To that end, I will be omitting languages like Spanish, French, German and even ENGLISH from my polyglot videos until I feel as though the YouTube collection of polyglot videos diversifies considerably beyond that.  If you speak one of these as a native language, please do not construe this as me holding your culture is less regard, because we ALL have value. This is just my way to ensure that this world gets “spiced up a bit” (and also to see how people react when I have Kiribati and Lao in my video and no Spanish. It should be an important lesson on how most people ACTUALLY value linguistic diversity)

I need to set an example. I think that a lot of people are focusing on very powerful languages with very little motivation without realizing that so many cultures need to be explored. That’s why I do what I do. And it is okay if you disagree with me, because communities are all about mature disagreement.

I have to use my position of power and influence to create a world I need to see. And that world includes linguistic diversity from ALL of our cultures, not just the ones that were and are dominating the globe.

 

I’d like to thank all of my watchers and readers for the support that I’ve had since my first polyglot video was filmed. I truly appreciate it and it is because of you that I continue to work!

Lao 30 Day Wow wow wow

I’m running out of pictures and I should probably upload new ones. Sometimes I can’t believe how shamefully open / honest I am. 

On to your dreams!

My Valentine to Oceania: History’s FIRST-EVER Polyglot Video to Feature Only Pacific Island Languages!

Earlier today I uploaded this video (I was supposed to upload it on Valentine’s Day but logistics involving my classes and other obligations got in the way). Feel free to turn on the English subtitles using the “CC” button.

In this video I speak five languages from Oceania with NO other languages (not even English) included: Palauan, Tok Pisin, Fijian, Gilbertese / Kiribati and Bislama (with a conclusion in Tongan and Tuvaluan. I haven’t actively studied Tuvaluan for a while but if I’m headed to Fiji later on this year it is something I would like to know more about).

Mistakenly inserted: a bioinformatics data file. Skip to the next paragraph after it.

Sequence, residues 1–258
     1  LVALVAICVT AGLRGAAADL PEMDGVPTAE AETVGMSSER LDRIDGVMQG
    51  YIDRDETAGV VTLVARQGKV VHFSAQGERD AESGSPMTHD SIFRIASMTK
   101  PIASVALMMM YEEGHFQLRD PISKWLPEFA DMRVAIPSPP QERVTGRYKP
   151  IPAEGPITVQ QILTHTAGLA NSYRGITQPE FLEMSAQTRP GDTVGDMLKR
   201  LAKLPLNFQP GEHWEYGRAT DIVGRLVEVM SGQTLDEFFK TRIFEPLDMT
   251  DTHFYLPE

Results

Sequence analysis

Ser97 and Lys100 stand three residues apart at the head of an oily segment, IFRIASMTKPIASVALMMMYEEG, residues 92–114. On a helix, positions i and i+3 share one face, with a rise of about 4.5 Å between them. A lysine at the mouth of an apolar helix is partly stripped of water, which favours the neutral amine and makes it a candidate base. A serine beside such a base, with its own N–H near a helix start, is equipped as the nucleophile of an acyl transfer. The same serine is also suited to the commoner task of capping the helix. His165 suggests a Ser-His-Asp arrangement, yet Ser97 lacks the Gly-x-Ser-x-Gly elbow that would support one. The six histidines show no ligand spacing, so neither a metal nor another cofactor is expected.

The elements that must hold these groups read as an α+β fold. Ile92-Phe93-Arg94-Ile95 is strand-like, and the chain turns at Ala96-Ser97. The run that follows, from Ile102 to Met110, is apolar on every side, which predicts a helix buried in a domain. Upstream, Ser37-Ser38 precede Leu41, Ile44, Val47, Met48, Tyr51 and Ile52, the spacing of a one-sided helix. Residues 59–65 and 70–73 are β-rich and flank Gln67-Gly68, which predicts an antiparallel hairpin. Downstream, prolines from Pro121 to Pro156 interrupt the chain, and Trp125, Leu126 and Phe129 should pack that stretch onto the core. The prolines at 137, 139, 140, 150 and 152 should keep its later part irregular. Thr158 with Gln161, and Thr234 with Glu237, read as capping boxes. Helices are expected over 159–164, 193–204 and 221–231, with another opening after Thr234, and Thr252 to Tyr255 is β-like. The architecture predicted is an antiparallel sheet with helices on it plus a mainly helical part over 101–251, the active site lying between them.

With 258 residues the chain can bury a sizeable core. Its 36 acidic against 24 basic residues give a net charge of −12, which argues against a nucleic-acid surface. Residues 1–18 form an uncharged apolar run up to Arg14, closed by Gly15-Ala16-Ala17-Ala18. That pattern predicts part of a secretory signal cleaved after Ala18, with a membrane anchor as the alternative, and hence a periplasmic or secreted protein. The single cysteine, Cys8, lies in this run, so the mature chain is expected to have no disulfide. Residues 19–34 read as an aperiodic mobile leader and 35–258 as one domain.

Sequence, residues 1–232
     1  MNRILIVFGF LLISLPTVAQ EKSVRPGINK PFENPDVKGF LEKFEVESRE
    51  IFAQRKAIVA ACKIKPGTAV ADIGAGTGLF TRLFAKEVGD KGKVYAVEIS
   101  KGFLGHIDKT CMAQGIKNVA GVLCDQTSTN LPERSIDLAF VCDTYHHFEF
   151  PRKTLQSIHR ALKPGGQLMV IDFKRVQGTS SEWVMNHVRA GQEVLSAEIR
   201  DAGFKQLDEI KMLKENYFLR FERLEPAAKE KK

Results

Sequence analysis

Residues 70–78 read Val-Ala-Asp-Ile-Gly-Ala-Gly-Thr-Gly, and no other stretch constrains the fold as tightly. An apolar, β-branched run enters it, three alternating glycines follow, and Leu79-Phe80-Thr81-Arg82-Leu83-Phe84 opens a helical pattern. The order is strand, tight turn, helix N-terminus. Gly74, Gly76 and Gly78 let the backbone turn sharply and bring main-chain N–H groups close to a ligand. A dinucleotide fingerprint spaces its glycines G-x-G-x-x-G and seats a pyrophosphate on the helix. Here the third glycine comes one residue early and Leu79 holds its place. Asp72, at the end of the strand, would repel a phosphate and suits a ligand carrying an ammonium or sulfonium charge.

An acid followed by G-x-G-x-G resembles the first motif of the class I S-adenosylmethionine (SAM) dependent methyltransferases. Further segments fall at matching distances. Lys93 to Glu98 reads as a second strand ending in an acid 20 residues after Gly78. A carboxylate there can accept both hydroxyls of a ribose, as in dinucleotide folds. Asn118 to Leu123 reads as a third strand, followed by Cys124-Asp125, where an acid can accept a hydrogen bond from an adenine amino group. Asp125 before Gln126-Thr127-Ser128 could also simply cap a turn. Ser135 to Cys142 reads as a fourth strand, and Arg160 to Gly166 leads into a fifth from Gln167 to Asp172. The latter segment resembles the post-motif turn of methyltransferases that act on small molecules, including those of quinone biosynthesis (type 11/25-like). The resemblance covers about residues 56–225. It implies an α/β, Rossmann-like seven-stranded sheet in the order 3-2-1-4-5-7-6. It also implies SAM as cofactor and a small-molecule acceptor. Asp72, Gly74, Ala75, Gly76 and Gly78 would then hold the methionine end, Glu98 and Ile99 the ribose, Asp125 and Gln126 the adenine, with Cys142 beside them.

This is the first Oceania-exclusive polyglot video in human history.  

I filmed it using my Samsung device, while standing and without wearing my glasses. One reason I didn’t come off as more cheerful was the fact that my hand was seriously strained in having to hold the camera up the whole time.

I would like to take this time to thank my viewers and readers as well as, in particular, the many residents of Pacific Island countries that have given me feedback and encouragement. (Palau and Kiribati in particular gave me TONS of viewers who provided me constructive criticism and even publicized my material widely!)

Obviously my main focus is going to be on Fijian for the short-term future but the decision to learn languages from Oceania is one of the best decisions of my life.

Fun fact: I actually gave a presentation on Fiji for a Hebrew class I had at JTS (the Jewish Theological Seminary) back in 2014. I related details about Yaqona (kava), chiefly families, the country’s geography and history, and tips for visiting. It was doing research for this presentation that I discovered Tok Pisin, the first language from Oceania that I learned AND the first that I learned to a C2 level. 

Here’s to many more years together, O Languages of the Southern Islands! I appreciate your presence in my life and the fact that I now see the whole universe differently because of you.

My First Post of 2018: Looking Inside My Soul (+Happy Birthday, Slovakia!)

HAPPY NEW YEAR!

Let’s just do the lazy thing and get the list of goals for 2018 over with. Yes, it’s large, but I set very high standards for myself. Even if I don’t make them, I’ll ensure that I’ll still do very, very well!

  • Master Hungarian, Lao and Greenlandic (B2 or higher)
  • Get the Scandinavian Languages to C2 (understanding virtually EVERYTHING written or spoken)
  • Make significant gains with Hebrew, Finnish, French, Breton, Icelandic, Jamaican Patois and Sierra Leone Creole.
  • Gilbertese and Uyghur at B1 or higher
  • Learn Comorian to A1 at least.
  • Vincentian and Antiguan Creoles at C1 or higher
  • Brush off Russian, Irish, Cornish and Ukrainian (B2 in them would be great!)